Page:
Norris coordinated the car stunts in downtown Canberra six months ago for the Liam Neeson film Black Light but even he would have been hard-pressed to script a performance as extraordinary as this, fully played out in the public arena with other motorists ducking for safety and prison officers' lives placed squarely at risk.
A high-speed car chase down narrow streets, corrections officers unexpectedly fleeing a desperate pursuer in a stolen car, multiple rammings of one car into another, a rats-tailed, tattooed inmate leaping in handcuffs into another vehicle to escape custody, the suburban torching of the pursuit vehicle, and the fugitive finally arrested after attempting to hide in a roof cavity; this event had the lot.
Even seasoned ACT police officers who have seen plenty of strange escapes in Canberra, from lake-swimming car thieves to multi-storey building-scalers, were shaking their heads in disbelief at the extraordinary sequence of events.
Fortunately - most likely as a result of the offenders involved rapidly running out of ideas after going on the run - the incident was wrapped up rather neatly when ACT Policing found the fugitives' North Lyneham bolthole, called in its specialist tactical teams and the rats-tailed escapee, Kane Quinn, 28, wisely climbed down out the Lyneham roof cavity and surrendered.
For Lila Walto, 28, the Jeep-driving woman who extricated Quinn to enjoy a few fleeting hours of freedom, nine more charges were added this week to her original seven.
A third woman involved who had the good sense to step out of the stolen Jeep and walk away outside Manuka Oval was not charged.
Only through sheer good fortune, the three ACT Corrective Services officers involved suffered minor injuries after the incident, although vision clearly shows they were, as could be expected, shaken up.
Given the volatile nature of the incident, the high speeds of the cars involved, the inappropriate transport vehicle used and the officers' lack of equipment to defend themselves, it was a situation which very easily could have resulted in serious injury or worse.
What remains now are a raft of relevant and yet unanswered questions, avoided by both ACT Corrections Minister Mick Gentleman and his acting head of Corrections, former Assistant police Commissioner Ray Johnson, about how a breach of security allowed such an incident to occur, and why the officers were exposed to such risk.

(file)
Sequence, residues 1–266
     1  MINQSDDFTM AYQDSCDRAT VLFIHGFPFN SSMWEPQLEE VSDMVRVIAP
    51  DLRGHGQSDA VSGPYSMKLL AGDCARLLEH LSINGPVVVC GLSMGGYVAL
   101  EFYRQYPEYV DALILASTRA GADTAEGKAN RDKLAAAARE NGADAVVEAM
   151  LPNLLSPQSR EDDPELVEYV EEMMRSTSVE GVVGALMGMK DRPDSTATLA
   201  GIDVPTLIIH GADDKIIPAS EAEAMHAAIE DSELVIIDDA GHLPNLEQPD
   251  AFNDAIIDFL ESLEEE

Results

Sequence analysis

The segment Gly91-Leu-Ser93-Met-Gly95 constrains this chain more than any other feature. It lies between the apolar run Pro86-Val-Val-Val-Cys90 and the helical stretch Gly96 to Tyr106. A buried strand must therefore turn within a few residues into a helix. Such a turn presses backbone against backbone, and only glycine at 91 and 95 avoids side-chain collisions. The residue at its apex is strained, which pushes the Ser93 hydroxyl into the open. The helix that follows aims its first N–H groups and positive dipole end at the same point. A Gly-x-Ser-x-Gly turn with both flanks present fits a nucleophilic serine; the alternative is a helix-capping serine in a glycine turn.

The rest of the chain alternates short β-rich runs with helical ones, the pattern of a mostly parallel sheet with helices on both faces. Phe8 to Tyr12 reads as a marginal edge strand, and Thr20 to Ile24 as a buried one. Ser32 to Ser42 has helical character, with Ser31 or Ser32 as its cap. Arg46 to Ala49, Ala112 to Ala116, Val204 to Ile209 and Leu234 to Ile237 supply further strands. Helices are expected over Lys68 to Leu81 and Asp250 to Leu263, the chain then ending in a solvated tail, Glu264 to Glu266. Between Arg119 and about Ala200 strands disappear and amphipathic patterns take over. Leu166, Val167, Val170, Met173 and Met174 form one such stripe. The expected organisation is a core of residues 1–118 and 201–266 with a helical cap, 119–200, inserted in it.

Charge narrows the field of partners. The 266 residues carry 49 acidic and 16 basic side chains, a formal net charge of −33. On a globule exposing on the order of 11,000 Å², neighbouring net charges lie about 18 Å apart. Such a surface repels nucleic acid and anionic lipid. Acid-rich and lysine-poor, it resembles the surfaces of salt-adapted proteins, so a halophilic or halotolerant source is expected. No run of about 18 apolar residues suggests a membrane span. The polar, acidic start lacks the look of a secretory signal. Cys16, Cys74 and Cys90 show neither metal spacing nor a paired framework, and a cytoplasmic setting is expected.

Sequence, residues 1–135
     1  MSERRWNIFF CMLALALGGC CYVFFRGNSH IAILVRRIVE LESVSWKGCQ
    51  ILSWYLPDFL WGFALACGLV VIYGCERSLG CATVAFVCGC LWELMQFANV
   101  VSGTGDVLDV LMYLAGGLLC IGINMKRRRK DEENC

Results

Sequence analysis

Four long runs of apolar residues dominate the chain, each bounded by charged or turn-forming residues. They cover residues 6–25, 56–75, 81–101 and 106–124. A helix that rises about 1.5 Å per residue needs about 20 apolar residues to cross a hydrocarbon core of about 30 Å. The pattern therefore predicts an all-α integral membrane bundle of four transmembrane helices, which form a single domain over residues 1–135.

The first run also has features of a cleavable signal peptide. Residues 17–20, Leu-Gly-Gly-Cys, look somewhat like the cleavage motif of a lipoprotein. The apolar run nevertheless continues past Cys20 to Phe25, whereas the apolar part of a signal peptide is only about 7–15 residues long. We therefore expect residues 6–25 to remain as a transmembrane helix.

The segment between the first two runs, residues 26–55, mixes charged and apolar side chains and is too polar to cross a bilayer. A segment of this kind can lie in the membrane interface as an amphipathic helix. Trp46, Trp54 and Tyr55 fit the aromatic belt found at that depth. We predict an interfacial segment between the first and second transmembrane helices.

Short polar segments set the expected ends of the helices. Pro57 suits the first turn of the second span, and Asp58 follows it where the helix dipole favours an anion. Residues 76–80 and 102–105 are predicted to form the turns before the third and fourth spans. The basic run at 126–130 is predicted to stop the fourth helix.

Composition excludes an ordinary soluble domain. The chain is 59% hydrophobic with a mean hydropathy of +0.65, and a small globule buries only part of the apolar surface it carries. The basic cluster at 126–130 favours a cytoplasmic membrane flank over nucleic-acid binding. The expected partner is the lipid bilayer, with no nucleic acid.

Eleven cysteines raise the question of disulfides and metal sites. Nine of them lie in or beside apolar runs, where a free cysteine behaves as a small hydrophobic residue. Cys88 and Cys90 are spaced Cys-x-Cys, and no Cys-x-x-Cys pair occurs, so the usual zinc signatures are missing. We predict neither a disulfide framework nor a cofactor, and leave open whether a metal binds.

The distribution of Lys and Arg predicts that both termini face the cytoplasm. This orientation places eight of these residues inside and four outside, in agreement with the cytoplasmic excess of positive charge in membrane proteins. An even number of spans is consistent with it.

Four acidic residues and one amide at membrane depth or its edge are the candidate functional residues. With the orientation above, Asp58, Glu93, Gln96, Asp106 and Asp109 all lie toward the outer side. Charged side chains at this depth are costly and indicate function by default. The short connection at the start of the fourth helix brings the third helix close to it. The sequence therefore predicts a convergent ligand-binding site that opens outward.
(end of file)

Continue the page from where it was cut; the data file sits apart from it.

Here are the key, unanswered questions around the incident:
How did Ms Walto find out about the prisoner transport arrangements with enough time to steal a Jeep and take up her pursuit?
Arrangements around the transport of prisoners to and from the Alexander Maconochie Centre are not disclosed for obvious security reasons.
This security breach also occurred with Ms Walto somehow aware ACT Corrections' mid-sized, unprotected Toyota Camry sedan would be used for the purpose, and the officers involved would be unarmed.
She performed her role with apparent clear prior knowledge and intent.
Why was Corrections transporting a prisoner using a conventional car deemed unfit for purpose seven months ago?
Corrections policy allows for prisoners judged to be at risk of self-harm to be conveyed in a vehicle other than the standard high-security light trucks and vans.
There are six vehicles in the Court Transport unit. One, a Mercedes-Benz Sprinter, is old and could trap someone in the back if it caught fire. The two Hyundai i-Loads are basically vans with security "boxes" within their cargo areas.
Corrections' choice of a Camry to convey at-risk prisoners with three across the back seat - in this case with 190cm inmate Kane Quinn jammed in the middle - was hugely unpopular with staff. An independent assessment found it should not have been on the prison transport fleet.
In the wake of this incident, the Camry is now off the fleet. It is also a near write-off after being rammed at least five times.
How did the Corrections Camry taking a detainee to Canberra Hospital in end up in Manuka?
In the absence of any explanation from ACT Corrections, the assumption is the driver turned off the most direct Hindmarsh Drive route in an attempt to flee the pursuing Jeep.
It is known that the Camry raced down suburban Goyder Street, Narrabundah, overtaking and forcing other vehicles off the road in a 50km/h zone, then turned into Jerrabomberra Avenue and Canberra Avenue.
The intended destination of the officer driving is also a mystery, although some well-placed sources say the intent was to drive to the Australian Federal Police headquarters in Barton, where armed protective services officers are on duty 24/7 and potentially could offer protection.
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